11 September 2018
In 2006, National Crime Victimization Survey (NCVS) revealed that 232,960 women in the U.S. were raped or sexually assaulted. That’s more than 600 women per day.
In addition, a recent study by the Bureau of Justice Statistics reported that 1 in 5 female undergraduates across 9 institutions had experienced sexual assault on campus during the 2014-2015 school year.
Violent crimes against women are not decreasing in frequency, and young girls are being targeted even in school; something needs to be done to reduce these statistics, and Fight Like a Girl (FLAG) aims to do just that.
Hosted by the Artistic Martial Arts School in Colorado Springs, FLAG is a two-day course geared towards the communal and individual empowerment of women, as well as self-defense through hand-to-hand combat.
The program pulled techniques from military programs like TAC (Tactical Assault Continuum) and RAT (Rapid Assault Tactics) to develop skills similar to those used in actual warfare.
The methods and strike points taught in the course were carefully selected to emphasize all the joint-locking, balance-disrupting elements of Hapkido, a martial art specializing in the exploitation of the human body, without a need for immense physical strength, coordination or background knowledge.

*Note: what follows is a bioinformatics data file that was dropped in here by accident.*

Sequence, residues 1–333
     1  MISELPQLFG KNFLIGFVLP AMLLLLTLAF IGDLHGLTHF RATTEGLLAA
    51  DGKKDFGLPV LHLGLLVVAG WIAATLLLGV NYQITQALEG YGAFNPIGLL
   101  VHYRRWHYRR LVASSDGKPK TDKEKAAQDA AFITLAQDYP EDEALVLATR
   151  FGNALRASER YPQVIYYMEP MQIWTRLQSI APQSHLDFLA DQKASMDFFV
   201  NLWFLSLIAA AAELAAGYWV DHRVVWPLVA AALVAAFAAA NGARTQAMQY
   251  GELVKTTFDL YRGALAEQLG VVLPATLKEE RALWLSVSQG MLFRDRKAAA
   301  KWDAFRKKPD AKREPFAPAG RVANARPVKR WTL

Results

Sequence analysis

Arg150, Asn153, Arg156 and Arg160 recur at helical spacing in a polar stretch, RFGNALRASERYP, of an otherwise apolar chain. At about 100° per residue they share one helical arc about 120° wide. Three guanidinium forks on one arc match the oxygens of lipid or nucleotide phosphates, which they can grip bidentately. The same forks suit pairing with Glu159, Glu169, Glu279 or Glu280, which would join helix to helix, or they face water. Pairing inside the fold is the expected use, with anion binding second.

The system was based on the instinctual reactions and defense mechanisms already present within the human body, allowing students to instead focus on the conceptual implications of the techniques rather than the styled movements commonly studied in other models.
Though simple in principle, FLAG took an approach to hand-to-hand combat that changes dynamically with the fight, highlighting the identification and utilization of weak points as they appear.
Yet FLAG didn’t only target the weaknesses of the body; it also went after the weaknesses of the mind.
According to a study by RAINN (Rape, Abuse, & Incest National Network), out of every 1,000 rapes, 994 perpetrators will walk free and only 310 out of every 1,000 sexual assaults are even reported at all; 2 out of 3 go unspoken.
This is due to the fact that 71% of victims either fear retaliation, believe it isn’t important, want to protect the attacker, believe it is a personal matter or believe the police cannot—or will not—do anything to help.
When it comes to women, most feel embarrassed by or even guilty for their assault, so they avoid reporting for the sake of an “unenforceable” crime. FLAG strove to change this mentality by encouraging self-empowerment through self-defense, ultimately aiming to build the courage to step up and report assaults to the authorities.
Another study by NCVS revealed that 80% of women who fought back during a sexual assault or rape attempt successfully prevented the attack. This number alone proves how essential self-defense classes can be to women everywhere—even a brief two-day course like FLAG can be all it takes to stop you, or someone you love, from becoming just another statistic.